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Whatstandwell does not have an ancient history, unlike some of the Peak District Villages that have been around for centuries and were recorded in The Domesday Book. It is thought that Whatstandwell dates from the end of the 14th century when the important and impressive bridge over the River Derwent was constructed and reputedly named after Walter Stonewell who lived nearby. Wat is a common abbreviation of Walter and Watstonewell’s bridge was then corrupted to Whatstandwell.
However, events in later years have put Whatstandwell well and truly on the map including the construction of the Cromford Canal in the 1790’s, the arrival of the Midland Railway and station to Whatstandwell, but more recently, the worldwide fame of record-breaking yachtswoman Ellen MacArthur who was born and brought up here. It is hard to imagine that coming from such a land-locked location in the heart of England, Ellen would become such an adept yachtswoman and lover of the sea!

Whatstandwell lies in the parish of Crich and consists of a small station and cluster of houses; the all important bridge over the river and the Derwent Hotel (formerly a turnpike coaching inn known as The Bull’s Head, where the Champion horse-drawn coach would rest before tackling the steep hills out of the valley to either Crich or Wirksworth).
Thickly wooded slopes surround Whatstandwell which is situated on the banks of the River Derwent. There are numerous footpaths leading to Crich, Alderwasley and Holloway, but one of the best walks in the area is along the towpath of the Cromford Canal, parts of which are now designated as SSSI sites and a Nature Reserve. Even with the railway and main A6 fighting for competition in the bottom of the valley, the 5 ½-mile stretch of canal from Cromford, through Whatstandwell and on to Ambergate is sheer paradise.

The Derwent Valley Heritage Way, which is a long distance recognised route from Derwent Reservoir in the north of the county to Derby, passes through Whatstandwell. Upstream of Whatstandwell are the heritage sites of the Arkwright Mills at Masson and Cromford, whilst downstream will take you to Belper, home of Strutt’s North Mill and Museum.
Crich Tramway Village is a short drive up the hill from Whatstandwell and is a particularly interesting visitor attraction to the Peak District where you can walk around an amazing collection of trams and transport memorabilia as well as take a tram ride on a section of woodland track.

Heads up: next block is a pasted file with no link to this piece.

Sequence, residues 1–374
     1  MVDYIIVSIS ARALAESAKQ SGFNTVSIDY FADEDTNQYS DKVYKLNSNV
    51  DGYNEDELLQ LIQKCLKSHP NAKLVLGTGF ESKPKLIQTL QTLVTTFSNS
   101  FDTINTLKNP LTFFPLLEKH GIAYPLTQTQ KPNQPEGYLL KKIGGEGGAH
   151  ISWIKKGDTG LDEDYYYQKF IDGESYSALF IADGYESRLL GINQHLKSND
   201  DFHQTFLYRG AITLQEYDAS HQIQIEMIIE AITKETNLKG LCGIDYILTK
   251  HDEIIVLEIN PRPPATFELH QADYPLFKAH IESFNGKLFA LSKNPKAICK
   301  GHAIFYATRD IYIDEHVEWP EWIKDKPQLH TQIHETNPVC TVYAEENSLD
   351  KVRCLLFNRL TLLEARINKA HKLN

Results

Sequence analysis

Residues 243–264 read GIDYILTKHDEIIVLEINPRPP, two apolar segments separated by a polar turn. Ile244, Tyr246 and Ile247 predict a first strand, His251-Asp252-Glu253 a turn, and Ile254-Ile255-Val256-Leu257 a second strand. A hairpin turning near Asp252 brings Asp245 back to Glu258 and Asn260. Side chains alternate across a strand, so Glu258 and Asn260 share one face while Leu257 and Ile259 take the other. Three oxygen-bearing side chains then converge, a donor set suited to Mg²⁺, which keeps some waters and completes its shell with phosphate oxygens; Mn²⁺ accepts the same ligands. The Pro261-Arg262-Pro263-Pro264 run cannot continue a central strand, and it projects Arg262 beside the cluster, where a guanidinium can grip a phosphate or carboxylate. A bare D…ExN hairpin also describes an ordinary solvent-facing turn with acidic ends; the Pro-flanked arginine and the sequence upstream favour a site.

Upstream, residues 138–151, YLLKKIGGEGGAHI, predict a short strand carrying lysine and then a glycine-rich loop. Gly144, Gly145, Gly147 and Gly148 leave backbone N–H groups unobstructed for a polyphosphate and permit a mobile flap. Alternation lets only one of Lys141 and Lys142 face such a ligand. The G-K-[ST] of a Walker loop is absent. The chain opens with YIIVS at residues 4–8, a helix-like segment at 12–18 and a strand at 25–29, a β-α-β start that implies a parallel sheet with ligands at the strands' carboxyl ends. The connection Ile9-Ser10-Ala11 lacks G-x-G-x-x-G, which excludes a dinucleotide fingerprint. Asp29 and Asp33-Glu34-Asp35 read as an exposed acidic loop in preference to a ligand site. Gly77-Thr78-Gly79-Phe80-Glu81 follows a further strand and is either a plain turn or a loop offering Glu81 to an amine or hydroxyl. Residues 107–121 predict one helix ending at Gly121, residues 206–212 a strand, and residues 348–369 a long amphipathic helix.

With roads heading north, south, east and west, Whatstandwell provides easy access in all directions to explore the southern end of the Peak District or to travel north up the main A6 into the White Peak and Dark Peak areas of the Peak District National Park.

Whatstandwell Video
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Whatstandwell – An Unforgettable Place Where Road, Canal, Railway & River All Run Through
A tiny Derbyshire village with an unusual name has been instantly brought to life with evocative imagery in a brand new video by Peak District Online. Yet another evocative Peak District video to add to their already impressive portfolio.
This latest video, released on October 10th, in a long line of popular films made by the winning team, is already proving a hit with You Tube viewers. Made by the Peak District’s leading web portal Peak District Online, the sounds and scenery of this beautiful little place are brought to life with stunning clarity, proving once again that this is proving to be a very exciting way for business owners to promote their wares.
Much better than a virtual tour, this video starts with images set to gloriously soothing music, the sights and sounds of the Peak District village brought to life with the sounds of birdsong in your ears! With gorgeous scenes from the start, this 3 minute video takes us on a journey down the Cromford Canal, a busy starting point with watery enjoyment for anyone in a recreational mood.
We tear ourselves away from the fun and frolics and follow the canal as it meanders through the willows, expecting to see Ratty and Mole any minute, we can feel the sunshine on our faces and smell the heat of the glorious Summer's day.  We see the stunning views from the windows of scrumptious accommodation, in glorious colour, the music gently accompanying the viewer on a journey you won't want to come home from.
The atmospheric video highlights the wonderful flora and fauna of the surrounding area – the glorious River Derwent winding through the lush green vegetation of overhanging ancient trees, Summer laden foliage dip into clear waters. A wonderful walking route - under or over packhorse bridges, accompanying the rushes and reeds at the water's edge.
A chocolate box village with stunning scenery and breathtaking views of the Dales from every angle, the valley this village nestles in is truly a gem to behold. With its own woodland, tea shops, bed and breakfasts, ye olde pub overlooks the scene, a welcome place to rest and watch the world go by.
Follow in the footsteps of Florence Nightingale, the lady with the lamp took many a walk this way, with or without her lamp - who knows? The now disused section of the canal invites us to walk beside the calm water with dogs and children welcome. And after a hard day's walking, enjoy a tea on a lawn you'll never forget.
Superb video and a gorgeous little village - you'll want to see for yourself. Put your feet up and dream of the Summer - a Summer spent in Whatstandwell

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